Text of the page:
Don’t you hate it when myths you love turns out to be false? Calico sure does – which is why she wishes the likes of Snopes, MythBusters and other buzzkilling fact-checkers would leave certain claims alone, so we could continue to enjoy them as though they were true. Things like jet-propelled cars embedding themselves into mountainsides but still having legible and relevant bumper stickers, for example — or in the latest case of a beloved myth debunked, warnings issued by cruise ships reminding passengers not to have sex with the pizza provided on the buffet.Read all about it in Calico’s latest post, “Some Myths Are Better Left Unexamined”
by Calico Rudasill, Sssh.com Porn For Women
I don’t watch it much anymore, but there was a time when I was a big fan of the show “MythBusters.” Part of my affection for the show rested in the irresistibly nerdy nature of its hosts, Adam Savage and Jamie Hyneman, and part was my own fascination with the experiments and tests they set up to confirm or debunk the various myths they explored in each episode.
As much I enjoy this sort of thing though, there are some myths, urban legends and internet-driven hoaxes which have so much entertainment value, I find myself wishing the people who debunked them would have left them alone.
Certain stories behind past recipients of past Darwin Awards, for example, I wish nobody had taken the time to refute, like the jet-assisted take off (JATO) car one from the mid-90s. Sure, if you thought about it for a minute, the story seemed implausible from the start, but the image of a vehicle decimated by flying into the side of a cliff, but somehow still sporting a legible bumper sticker which read “How do you like my driving? Dial 1-800-EAT-SHIT” was just too good not to believe.
My latest disappointment along these lines is maybe the most disappointing of all: It turns out passengers of the “Holy Ship!” floating EDM festival were not issued an official request to not have sex with the pizza provided on the cruise.
Here I Was Wondering Which Toppings Impart The Most Pleasure…
I picked up this story what seems like only moments before the truth emerged – which means I didn’t even have time to come up with a decent sausage pizza joke before Snopes was all over it with their customary buzzkill skepticism.
“Claim: The Norwegian Cruise Line posted a message on one of their ships explaining that the open pizza bar was for consumption only and asked passengers to refrain from having sex with their lunches,” the Snopes post read, I assume written by someone laughing so hard, milk came out her/his nose as they typed. “Rating: FALSE.”
“Although this regulation was posted on the ship, it was not an official memo from the Norwegian Cruise Line issued in response to a passenger’s having engaged in sex with a pizza,” the Snopes report continues. “The document was created as a prank by an attendee of Holy Ship!”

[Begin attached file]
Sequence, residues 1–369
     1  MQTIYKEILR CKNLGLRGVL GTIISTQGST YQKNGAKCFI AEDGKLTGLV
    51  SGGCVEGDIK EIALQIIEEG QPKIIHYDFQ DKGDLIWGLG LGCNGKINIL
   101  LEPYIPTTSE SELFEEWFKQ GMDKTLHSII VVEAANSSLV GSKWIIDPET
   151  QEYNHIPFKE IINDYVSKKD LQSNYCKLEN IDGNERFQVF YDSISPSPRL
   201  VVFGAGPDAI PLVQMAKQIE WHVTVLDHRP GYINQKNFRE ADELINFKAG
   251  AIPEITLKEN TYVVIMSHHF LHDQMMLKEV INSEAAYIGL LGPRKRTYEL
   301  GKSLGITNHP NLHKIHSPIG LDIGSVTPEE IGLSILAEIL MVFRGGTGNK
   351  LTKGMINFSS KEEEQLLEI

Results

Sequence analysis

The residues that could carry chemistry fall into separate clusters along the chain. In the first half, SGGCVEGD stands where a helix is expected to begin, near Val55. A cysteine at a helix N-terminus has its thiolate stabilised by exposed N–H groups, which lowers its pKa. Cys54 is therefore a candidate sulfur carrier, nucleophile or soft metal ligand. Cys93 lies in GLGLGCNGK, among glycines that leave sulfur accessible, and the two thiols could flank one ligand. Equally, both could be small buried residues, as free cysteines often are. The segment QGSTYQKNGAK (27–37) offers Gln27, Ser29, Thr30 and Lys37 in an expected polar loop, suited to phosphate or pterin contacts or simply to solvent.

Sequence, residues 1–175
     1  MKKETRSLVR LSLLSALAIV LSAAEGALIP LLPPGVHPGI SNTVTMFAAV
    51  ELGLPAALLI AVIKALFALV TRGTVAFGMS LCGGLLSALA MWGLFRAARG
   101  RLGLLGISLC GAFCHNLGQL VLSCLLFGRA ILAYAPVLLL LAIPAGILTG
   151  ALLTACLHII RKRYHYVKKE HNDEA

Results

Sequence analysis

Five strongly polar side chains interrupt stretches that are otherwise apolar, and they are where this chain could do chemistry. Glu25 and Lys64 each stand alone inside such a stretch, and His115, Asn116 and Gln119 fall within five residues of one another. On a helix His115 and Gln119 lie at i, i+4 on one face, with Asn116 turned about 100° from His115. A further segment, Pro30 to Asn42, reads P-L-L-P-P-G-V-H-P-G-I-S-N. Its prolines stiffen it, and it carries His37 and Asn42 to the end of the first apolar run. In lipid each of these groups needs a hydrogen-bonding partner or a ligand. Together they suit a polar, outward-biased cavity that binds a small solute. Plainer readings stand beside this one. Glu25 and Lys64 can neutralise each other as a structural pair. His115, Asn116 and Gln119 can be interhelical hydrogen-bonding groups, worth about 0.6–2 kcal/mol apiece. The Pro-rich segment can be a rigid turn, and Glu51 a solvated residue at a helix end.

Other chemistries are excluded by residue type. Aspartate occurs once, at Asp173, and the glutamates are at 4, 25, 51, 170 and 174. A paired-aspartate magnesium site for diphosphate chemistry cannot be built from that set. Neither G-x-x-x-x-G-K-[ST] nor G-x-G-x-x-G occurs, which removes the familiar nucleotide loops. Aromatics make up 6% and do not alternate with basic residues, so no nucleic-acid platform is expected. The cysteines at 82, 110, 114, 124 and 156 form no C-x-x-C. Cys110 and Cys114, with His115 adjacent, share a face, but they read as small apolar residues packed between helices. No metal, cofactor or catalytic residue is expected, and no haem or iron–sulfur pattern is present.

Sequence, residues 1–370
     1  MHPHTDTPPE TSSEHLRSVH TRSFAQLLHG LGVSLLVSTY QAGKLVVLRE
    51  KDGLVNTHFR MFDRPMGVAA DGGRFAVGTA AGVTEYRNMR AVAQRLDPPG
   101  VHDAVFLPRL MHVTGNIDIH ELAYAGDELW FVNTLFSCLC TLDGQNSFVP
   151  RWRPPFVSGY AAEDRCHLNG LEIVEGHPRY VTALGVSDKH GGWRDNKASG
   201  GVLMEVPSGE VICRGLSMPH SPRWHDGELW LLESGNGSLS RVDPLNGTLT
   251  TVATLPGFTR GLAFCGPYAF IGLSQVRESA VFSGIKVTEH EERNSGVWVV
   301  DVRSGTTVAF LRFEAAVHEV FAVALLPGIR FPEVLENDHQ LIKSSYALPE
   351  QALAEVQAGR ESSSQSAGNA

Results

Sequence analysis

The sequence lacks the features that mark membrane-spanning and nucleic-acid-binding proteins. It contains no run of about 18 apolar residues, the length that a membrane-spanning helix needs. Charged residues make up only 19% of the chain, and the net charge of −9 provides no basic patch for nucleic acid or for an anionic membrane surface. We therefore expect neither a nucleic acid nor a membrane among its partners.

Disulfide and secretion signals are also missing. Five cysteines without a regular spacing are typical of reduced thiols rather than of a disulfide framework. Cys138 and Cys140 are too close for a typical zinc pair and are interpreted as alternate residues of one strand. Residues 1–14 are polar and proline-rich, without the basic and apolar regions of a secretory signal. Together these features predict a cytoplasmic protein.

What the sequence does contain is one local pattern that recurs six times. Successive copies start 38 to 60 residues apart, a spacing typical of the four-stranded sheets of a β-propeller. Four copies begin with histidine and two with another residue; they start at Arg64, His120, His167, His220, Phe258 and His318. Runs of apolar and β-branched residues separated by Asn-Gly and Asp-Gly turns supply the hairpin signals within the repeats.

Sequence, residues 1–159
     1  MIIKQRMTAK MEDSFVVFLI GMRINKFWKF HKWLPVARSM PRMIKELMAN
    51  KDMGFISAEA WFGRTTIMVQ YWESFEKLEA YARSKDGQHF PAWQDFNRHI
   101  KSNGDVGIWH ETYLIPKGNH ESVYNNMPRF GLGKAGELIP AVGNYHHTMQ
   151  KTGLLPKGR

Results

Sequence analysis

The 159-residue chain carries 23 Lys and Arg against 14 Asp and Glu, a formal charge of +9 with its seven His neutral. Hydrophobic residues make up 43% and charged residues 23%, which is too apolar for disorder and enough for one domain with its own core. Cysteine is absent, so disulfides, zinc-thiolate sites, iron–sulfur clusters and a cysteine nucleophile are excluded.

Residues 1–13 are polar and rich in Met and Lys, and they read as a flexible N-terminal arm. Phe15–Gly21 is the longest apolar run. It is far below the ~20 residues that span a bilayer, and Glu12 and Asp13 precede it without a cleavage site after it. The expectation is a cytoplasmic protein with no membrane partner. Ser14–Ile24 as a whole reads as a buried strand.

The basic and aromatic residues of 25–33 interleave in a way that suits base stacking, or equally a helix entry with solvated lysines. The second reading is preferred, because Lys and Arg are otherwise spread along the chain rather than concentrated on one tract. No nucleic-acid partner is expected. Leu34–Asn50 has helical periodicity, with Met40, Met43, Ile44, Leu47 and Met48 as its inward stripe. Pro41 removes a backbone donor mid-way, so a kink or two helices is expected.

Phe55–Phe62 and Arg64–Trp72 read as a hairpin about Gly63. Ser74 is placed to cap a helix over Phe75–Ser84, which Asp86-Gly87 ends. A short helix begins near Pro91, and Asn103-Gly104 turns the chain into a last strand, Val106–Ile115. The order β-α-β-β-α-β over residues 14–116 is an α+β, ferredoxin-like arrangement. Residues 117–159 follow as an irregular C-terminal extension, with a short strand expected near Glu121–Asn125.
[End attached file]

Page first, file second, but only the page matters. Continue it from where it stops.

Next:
Sure, it’s important to debunk some sex myths, but I feel like this one could have waited until after I’d had my fun with it. After all, it’s not like there was some poor, depressed 10” cheese pizza out there feeling bad about itself because it was on the buffet next to an 18” pepperoni and mushroom pie.
Wait, Nobody Lost Their Genitals After Having Sex With Frosty, Either?
Making matters worse, it turns out one of my another of my favorite sexual entries of the “News of the Weird” variety from recent years was bullshit, too. I’m speaking, of course, of the time a Canadian man reportedly had sex with a snowman then lost his penis to frostbite.
“Most accounts cited a (since-deleted) page on a web site called Busted in Acadiana which was dated 21 January 2013 and featured a (once widely-circulated) photograph of what appeared to be news article evidencing the claim,” Snopes observed in its post debunking the snow-bite-penis-loss claim. “That image led to the original source of the story, Sunday Sport, an outlet described by Wikipedia as somewhat akin to the Weekly World News as an unambiguous peddler of complete fabrications.”
Wait a minute; the Weekly World News is “an unambiguous peddler of complete fabrications”? You mean to tell me Bat Boy isn’t real, either?
That sinks it; I’m taking the rest of the day off to convalesce in a hyperbaric chamber, just like Michael Jackson used to do… I think.
Calico’s work has appeared under various pen names in adult industry trade journals and on several mainstream op-ed portals, including the Huffington Post.